Speech Delays – A 21-day Anecdotal Record
Every parent looks forward to the time when his or her baby says his first words. Then strings of words. Then whole sentences. But what happens when the words don’t come? What happens when recognizable toddler-sized verbal expressions allude them? Often parental worry sets in as the child’s second birthday approaches. “What’s WRONG with my child?” they think.
At that time, we often see parents begin to self-diagnose their child after spending time on the internet. And although much research is available online, some of it is interspersed with factual inaccuracies. Parenting.com has published a simple, brief overview of what you can expect in speech development. It is a good benchmark with which to assess the progress of your toddler.
If you have already become familiar with delayed speech issues and are on the verge of fear, before you panic or declare that your child has a certain disease or malady, consider the following.
Some children with extremely high mathematical aptitudes often have delayed speech. Many second born children experience speech delays because an older sibling does all the talking for them. Some children are deficient in some enzyme or cannot effectively metabolize a certain nutrient. The list is as diverse as the population.
In spite of all this variation, however, there seems to be one constant suspect. Toxicity. For many reasons, some children are especially sensitive to some nutritional or environmental components. So, before declaring any diagnosis or lack thereof, it is important to give your child’s immune system assistance through an easy detox program.
Simply stated, allergies to dairy and wheat can produce antibodies that hinder development, such as speech. Add to that the food coloring and chemicals in a child’s diet, and soon his immune system is overwhelmed. What happens next includes a host of behavioral red flags and diagnostic markers for a plethora of childhood afflictions. And before you know it, right or wrong, your child has been officially “labeled.”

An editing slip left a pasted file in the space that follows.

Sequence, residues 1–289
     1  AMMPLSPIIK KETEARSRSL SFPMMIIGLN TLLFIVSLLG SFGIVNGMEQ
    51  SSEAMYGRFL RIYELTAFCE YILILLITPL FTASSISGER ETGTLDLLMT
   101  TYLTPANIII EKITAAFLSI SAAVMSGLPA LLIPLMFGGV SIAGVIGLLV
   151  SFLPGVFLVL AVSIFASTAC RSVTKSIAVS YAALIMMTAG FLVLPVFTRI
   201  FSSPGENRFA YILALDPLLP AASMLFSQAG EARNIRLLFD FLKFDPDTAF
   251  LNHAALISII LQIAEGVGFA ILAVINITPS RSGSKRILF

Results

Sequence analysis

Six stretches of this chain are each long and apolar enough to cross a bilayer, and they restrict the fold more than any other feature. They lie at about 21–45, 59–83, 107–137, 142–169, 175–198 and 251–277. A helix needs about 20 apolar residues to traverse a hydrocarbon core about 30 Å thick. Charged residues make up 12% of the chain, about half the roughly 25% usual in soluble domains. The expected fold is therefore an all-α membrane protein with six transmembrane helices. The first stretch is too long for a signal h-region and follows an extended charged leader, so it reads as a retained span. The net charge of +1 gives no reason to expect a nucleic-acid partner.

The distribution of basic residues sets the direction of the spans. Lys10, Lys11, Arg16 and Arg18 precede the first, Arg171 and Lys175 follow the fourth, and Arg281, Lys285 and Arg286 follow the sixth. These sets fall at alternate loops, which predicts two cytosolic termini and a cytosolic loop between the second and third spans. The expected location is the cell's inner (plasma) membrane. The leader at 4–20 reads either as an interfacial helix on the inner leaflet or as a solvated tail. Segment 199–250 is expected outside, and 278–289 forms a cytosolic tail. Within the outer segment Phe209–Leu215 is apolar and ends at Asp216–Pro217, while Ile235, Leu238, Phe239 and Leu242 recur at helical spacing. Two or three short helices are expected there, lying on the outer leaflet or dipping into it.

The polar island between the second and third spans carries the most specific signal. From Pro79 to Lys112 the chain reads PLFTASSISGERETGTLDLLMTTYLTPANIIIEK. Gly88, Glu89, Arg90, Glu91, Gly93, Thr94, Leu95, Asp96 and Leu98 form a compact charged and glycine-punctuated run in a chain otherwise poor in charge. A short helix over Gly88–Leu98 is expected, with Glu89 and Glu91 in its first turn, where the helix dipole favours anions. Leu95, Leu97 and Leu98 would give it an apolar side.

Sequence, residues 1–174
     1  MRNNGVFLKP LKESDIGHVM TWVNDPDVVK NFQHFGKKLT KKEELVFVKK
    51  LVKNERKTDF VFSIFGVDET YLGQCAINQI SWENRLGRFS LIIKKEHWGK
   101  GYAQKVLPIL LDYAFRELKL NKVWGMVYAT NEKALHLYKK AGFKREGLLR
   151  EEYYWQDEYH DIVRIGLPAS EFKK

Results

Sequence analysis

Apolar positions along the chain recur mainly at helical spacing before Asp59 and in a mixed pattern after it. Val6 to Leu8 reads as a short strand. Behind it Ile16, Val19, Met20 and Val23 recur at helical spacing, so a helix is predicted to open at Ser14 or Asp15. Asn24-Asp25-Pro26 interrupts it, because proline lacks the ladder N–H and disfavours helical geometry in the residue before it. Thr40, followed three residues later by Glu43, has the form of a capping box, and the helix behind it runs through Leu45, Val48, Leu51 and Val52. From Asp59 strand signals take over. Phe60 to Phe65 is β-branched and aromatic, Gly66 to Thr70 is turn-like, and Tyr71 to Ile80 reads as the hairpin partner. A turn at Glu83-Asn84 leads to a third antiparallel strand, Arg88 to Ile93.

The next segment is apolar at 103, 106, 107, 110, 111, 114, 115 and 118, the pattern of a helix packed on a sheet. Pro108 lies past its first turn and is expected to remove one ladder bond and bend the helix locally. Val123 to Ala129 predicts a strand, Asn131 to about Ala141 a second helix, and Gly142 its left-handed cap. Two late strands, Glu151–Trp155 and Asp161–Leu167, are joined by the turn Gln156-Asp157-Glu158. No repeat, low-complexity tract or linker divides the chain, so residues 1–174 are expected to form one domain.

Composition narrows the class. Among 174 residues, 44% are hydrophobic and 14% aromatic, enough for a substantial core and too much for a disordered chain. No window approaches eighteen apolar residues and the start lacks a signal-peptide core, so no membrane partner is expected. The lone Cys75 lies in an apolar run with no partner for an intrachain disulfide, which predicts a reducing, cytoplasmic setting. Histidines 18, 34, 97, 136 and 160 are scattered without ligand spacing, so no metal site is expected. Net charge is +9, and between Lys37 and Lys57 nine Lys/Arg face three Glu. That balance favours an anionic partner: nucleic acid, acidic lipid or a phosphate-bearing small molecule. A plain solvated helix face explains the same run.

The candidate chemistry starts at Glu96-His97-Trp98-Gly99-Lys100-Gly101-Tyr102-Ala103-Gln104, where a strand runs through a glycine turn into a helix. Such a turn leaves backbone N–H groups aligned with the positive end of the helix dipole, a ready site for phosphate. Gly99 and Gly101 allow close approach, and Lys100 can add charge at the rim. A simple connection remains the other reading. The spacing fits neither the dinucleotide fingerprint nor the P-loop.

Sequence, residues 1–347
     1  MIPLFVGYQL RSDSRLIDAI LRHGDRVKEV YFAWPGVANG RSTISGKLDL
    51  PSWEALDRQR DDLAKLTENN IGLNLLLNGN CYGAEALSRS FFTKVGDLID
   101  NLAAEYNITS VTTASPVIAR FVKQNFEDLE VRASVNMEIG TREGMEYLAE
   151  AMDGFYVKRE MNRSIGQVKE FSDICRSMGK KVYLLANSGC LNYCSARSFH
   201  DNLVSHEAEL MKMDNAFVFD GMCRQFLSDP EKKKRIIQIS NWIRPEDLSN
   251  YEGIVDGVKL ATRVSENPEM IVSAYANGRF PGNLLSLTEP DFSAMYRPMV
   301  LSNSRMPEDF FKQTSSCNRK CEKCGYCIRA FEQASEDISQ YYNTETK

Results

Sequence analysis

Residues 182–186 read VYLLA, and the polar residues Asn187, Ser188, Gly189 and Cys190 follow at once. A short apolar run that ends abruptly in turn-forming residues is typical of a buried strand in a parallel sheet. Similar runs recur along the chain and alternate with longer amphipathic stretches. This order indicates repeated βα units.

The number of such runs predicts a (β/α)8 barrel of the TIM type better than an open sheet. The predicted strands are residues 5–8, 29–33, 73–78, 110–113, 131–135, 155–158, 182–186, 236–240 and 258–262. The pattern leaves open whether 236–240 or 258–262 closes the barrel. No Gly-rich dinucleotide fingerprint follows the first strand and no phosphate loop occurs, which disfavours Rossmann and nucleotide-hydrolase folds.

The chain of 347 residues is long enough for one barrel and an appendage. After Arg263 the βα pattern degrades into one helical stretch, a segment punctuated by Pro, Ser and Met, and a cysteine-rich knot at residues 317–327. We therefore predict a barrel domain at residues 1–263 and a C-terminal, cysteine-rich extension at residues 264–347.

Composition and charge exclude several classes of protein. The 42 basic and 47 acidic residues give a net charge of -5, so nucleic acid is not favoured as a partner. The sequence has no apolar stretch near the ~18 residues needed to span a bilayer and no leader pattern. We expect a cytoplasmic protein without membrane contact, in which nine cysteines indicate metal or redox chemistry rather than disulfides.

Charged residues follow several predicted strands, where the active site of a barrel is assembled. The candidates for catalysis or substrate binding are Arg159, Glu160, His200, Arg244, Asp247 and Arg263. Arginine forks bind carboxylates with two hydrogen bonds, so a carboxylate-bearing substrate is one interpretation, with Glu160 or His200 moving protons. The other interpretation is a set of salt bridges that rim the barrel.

First things first: First, for a month, experiment with his diet and environmental exposures noting any changes in his speech or behavior. If you have already planned to schedule a diagnostic intervention, put your child on a strict dairy-free, wheat-free, all natural diet at least four weeks before your appointment. No food dyes. No chemicals. No MSG. If that sounds overwhelming, read some success stories here: http://www.feingold.org/
We have followed the Feingold Program professionally for 40 years and can attest to the precepts upon which the regimen is based. Spend time reading some of their referenced research. You do not have to buy their materials. Simply study the principles discussed throughout the website.
We are not guaranteeing dramatic changes in your child’s speech or behavior. But we are recommending that this easy and healthy first step will end some of the confusing red flags that may hinder a correct analysis of your child’s awesome development.
Continue to Part 2